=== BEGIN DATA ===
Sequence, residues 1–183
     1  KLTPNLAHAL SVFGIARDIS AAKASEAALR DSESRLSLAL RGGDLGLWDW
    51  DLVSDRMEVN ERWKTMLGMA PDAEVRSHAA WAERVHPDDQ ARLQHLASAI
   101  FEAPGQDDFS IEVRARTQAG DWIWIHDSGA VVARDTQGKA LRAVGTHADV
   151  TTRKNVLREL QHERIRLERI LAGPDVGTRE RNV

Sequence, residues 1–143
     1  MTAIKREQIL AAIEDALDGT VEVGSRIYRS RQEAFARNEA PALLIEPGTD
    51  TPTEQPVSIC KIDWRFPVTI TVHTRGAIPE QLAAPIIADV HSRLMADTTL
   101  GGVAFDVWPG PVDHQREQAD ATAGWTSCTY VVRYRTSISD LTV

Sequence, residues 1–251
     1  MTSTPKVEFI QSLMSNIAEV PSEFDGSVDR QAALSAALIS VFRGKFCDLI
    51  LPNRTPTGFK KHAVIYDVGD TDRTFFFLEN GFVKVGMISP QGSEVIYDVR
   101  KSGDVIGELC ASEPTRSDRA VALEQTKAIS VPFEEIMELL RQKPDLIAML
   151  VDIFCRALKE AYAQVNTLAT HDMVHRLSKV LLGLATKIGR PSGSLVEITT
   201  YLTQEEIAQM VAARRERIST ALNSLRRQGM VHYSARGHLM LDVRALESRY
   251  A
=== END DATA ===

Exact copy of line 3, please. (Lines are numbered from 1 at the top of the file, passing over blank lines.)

    51  DLVSDRMEVN ERWKTMLGMA PDAEVRSHAA WAERVHPDDQ ARLQHLASAI